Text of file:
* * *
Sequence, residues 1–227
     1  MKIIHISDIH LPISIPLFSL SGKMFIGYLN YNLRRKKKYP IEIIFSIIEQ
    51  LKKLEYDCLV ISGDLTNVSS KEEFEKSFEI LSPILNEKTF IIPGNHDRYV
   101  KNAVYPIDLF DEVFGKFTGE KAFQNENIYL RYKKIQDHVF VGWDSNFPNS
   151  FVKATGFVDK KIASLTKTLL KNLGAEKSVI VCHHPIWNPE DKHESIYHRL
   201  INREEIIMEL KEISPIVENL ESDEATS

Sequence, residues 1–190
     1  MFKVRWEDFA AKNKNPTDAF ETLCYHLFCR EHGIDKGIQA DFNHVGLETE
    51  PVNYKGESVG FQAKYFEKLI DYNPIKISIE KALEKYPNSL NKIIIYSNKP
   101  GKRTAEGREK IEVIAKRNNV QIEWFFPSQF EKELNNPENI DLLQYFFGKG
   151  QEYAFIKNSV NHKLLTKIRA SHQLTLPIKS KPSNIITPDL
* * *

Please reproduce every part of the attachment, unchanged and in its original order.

Sequence, residues 1–227
     1  MKIIHISDIH LPISIPLFSL SGKMFIGYLN YNLRRKKKYP IEIIFSIIEQ
    51  LKKLEYDCLV ISGDLTNVSS KEEFEKSFEI LSPILNEKTF IIPGNHDRYV
   101  KNAVYPIDLF DEVFGKFTGE KAFQNENIYL RYKKIQDHVF VGWDSNFPNS
   151  FVKATGFVDK KIASLTKTLL KNLGAEKSVI VCHHPIWNPE DKHESIYHRL
   201  INREEIIMEL KEISPIVENL ESDEATS

Sequence, residues 1–190
     1  MFKVRWEDFA AKNKNPTDAF ETLCYHLFCR EHGIDKGIQA DFNHVGLETE
    51  PVNYKGESVG FQAKYFEKLI DYNPIKISIE KALEKYPNSL NKIIIYSNKP
   101  GKRTAEGREK IEVIAKRNNV QIEWFFPSQF EKELNNPENI DLLQYFFGKG
   151  QEYAFIKNSV NHKLLTKIRA SHQLTLPIKS KPSNIITPDL